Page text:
In this long-term chart of the continuous basis (we use the continuous basis, rather than the basis of individual contracts to remove the discontinuity as each basis falls into expiry and reverts back to normal as the next contract takes over being the most active), look back to 2008.
As the Fed is cutting rates in 2008, the basis is falling. Then it stays near zero for years, rising with the Fed’s Kabuki theater when they play-acted hiking rates. Then it begins to fall. Until March this year, when it explodes higher. To us, this move looks unprecedented (keeping in mind the greater volatility inherent in the market data prior to 2004).
Silver does not look too different.
The Fed Funds Rate was in decline before that point (and collapsed to all but zero by April). So why this rise in basis? This is not showing the near contract, so the issue is not the distortion caused by the buying of longs that we have recently discussed.
Now look at this graph of the bid-ask spread in spot gold and silver.
The action is silver is not unprecedented. But gold will be, if the current trend continues. The spread for buying and selling of physical gold in the commercial market has widened. This is part of why the spread you may encounter at your bullion dealer is wider.
These are pictures of a market becoming less efficient. In part, it is the decrease in coordination (or increase in discoordination) that has generally occurred in the wake of COVID.
For example, meat processing plants closed. This caused a massive fissure to open up. On one side, farmers had no market for their products and had to destroy many animals. On the other of the chasm, consumers could not find meat on the shelf at the supermarket (or when meat was there, the price was a lot higher).
But the bid-ask spread tells a bigger story. The spread in silver and gold began widening in March—of 2019. At first, it wasn’t that much. Gold went from 15 to 35 cents, and then bounced around between 20 and 50 cents during 2019. By February, it was up to 60 cents, before spiking to $1.50 in late March. It is currently 77 cents.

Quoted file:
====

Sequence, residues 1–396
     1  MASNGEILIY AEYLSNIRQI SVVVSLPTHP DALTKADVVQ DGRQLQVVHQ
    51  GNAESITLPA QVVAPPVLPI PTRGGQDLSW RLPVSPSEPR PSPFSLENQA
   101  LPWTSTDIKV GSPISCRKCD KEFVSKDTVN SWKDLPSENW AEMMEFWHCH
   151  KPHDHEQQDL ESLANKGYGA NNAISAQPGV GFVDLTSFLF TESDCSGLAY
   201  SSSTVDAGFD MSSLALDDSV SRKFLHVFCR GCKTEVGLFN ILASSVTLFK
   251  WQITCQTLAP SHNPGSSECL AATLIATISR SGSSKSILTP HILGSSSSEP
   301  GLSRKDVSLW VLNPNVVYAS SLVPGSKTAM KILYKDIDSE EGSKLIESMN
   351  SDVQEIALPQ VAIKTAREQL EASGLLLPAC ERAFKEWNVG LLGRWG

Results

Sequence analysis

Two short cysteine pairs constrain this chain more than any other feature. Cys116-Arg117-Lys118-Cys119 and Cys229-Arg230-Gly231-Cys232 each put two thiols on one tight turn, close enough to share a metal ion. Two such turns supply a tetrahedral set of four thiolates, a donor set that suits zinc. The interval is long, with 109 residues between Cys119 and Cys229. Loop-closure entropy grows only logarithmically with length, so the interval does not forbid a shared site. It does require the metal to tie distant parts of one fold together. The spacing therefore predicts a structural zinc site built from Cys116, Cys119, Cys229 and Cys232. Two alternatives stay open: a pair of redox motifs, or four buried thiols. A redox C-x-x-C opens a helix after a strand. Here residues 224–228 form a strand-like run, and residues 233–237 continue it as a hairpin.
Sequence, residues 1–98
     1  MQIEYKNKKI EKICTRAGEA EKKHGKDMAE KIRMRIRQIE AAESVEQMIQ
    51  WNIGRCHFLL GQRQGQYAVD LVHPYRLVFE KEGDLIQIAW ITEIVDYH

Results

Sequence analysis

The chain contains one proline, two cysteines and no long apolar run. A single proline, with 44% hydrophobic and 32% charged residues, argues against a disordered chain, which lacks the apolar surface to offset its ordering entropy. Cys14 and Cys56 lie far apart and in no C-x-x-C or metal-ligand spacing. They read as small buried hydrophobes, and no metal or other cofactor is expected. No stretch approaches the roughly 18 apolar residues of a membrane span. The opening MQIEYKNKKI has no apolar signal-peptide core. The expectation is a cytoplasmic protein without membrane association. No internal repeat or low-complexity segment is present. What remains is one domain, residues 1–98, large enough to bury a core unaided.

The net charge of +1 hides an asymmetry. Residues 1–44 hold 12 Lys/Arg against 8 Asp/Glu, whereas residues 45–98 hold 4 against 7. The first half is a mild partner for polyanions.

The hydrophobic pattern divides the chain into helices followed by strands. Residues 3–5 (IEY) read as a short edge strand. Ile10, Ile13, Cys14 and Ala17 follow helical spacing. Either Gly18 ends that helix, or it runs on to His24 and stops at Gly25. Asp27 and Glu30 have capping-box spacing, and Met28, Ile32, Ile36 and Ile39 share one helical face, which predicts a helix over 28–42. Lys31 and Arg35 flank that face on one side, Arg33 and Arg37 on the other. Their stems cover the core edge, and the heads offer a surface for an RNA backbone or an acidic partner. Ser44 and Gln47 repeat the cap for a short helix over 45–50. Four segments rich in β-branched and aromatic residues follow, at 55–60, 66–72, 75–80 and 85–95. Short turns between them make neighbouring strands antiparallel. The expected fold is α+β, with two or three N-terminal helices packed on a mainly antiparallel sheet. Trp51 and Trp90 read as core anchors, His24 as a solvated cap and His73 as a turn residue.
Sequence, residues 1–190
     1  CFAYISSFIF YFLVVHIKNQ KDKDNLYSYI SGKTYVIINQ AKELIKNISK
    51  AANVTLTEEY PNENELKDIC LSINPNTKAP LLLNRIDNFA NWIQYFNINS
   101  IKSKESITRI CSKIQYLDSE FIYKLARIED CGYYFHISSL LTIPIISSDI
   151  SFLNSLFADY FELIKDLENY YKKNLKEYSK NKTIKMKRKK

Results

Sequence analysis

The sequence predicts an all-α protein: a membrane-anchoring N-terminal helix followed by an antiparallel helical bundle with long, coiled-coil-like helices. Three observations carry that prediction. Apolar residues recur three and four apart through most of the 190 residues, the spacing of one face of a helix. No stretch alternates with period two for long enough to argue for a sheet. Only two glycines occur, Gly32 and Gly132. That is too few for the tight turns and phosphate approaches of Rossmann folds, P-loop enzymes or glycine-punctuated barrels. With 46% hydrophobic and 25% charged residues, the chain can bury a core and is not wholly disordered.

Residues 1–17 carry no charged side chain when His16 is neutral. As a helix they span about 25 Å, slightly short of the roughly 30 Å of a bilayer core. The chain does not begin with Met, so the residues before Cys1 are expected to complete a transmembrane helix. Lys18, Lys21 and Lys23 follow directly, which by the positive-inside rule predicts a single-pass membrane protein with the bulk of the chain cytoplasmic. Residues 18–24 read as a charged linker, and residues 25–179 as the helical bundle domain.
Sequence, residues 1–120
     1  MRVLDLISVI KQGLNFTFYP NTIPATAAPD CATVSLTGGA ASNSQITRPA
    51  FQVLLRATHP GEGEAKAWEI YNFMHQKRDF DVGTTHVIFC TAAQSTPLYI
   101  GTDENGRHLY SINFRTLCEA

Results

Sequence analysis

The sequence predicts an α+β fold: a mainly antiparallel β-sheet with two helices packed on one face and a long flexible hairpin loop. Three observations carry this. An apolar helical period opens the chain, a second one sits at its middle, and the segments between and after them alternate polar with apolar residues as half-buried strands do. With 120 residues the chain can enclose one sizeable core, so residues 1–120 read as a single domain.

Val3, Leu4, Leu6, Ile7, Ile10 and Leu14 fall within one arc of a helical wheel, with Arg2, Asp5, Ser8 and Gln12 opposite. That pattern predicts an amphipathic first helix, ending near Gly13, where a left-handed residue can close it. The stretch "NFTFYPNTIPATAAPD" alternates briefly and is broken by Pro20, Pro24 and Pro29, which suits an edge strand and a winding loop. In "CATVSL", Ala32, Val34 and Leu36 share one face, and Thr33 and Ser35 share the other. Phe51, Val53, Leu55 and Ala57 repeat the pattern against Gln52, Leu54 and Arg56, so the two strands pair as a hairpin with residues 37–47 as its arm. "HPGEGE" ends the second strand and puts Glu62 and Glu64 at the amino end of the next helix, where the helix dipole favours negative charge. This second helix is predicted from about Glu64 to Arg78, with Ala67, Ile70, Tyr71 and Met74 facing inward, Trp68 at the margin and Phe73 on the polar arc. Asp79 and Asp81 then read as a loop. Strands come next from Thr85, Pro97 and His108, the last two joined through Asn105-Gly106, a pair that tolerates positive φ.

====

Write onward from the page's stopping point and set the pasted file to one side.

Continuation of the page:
Another One Bites the Dust
The latest bank to leave the gold business is Scotia, which is closing its Mocatta division.
We recall a decade ago, some joker was promoting the idiotic idea of buying silver (at over $27 an ounce) with the intention to crash JP Morgan Chase. The idea was idiotic, for three reasons.
One, if you are going to speculate, you should do so with the intention to profit, not to hurt someone else. Two, the bank is not affected by the silver price. And three, no rational human being wants mayhem and destruction. That’s why the Joker is a villain in a comic book world.
We now know how it worked out. Those who followed this instruction, were not bold destroyers engaged in espionage for the cause.
They turned out to be more like Ratbert, manipulated by Dogbert. Dogbert had a scheme to become an iron-fisted dictator. And Ratbert wanted looting, but instead ends up as a stain on a tank tread. This is especially true if they held the silver after its price peaked and crashed a few months later.
Why We Need the Market Makers
Anyways, our point today is that people who care about the gold market should not want to see the banks leaving the market. The consequence is higher friction, a higher cost of doing business for miners, refiners, mints, and dealers. This will be reflected in the form of higher premiums paid when you buy a coin or bar, and a lower price realized when you sell it.
Who likes to pay a higher cost for the same thing?
No one (we assume) is happy to see banks departing because they like (or understand) that it will lead to higher costs. The problem is that the market maker is not understood, and gets no sympathy.
In the 17th century coffeehouse stock exchange, people who wanted to buy lined up in descending order of the price they were willing to pay. On the other side, people who wanted to sell lined up in ascending order of the price they demanded. In other words, bid and offer.
But then this curious fellow showed up and stood in the middle. He claimed he was willing to buy or sell. And his bid was higher than the others, and his offer lower. The others in the coffee house thought he was dodgy, maybe even criminal. They called him a “jobber”.
Today, he is called a “HFT” (High Frequency Trader) and the regulators are often investigating him for spoofing, front-running, manipulation (of the small and temporary kind, no Motte and Bailey thank you very much) and other real or imagined ills.
A market foolish enough to truly banish the market maker will suffer higher frictional costs, and hence lower volumes.
Let’s hope that this situation is rectified, and new market makers come to the gold and silver market.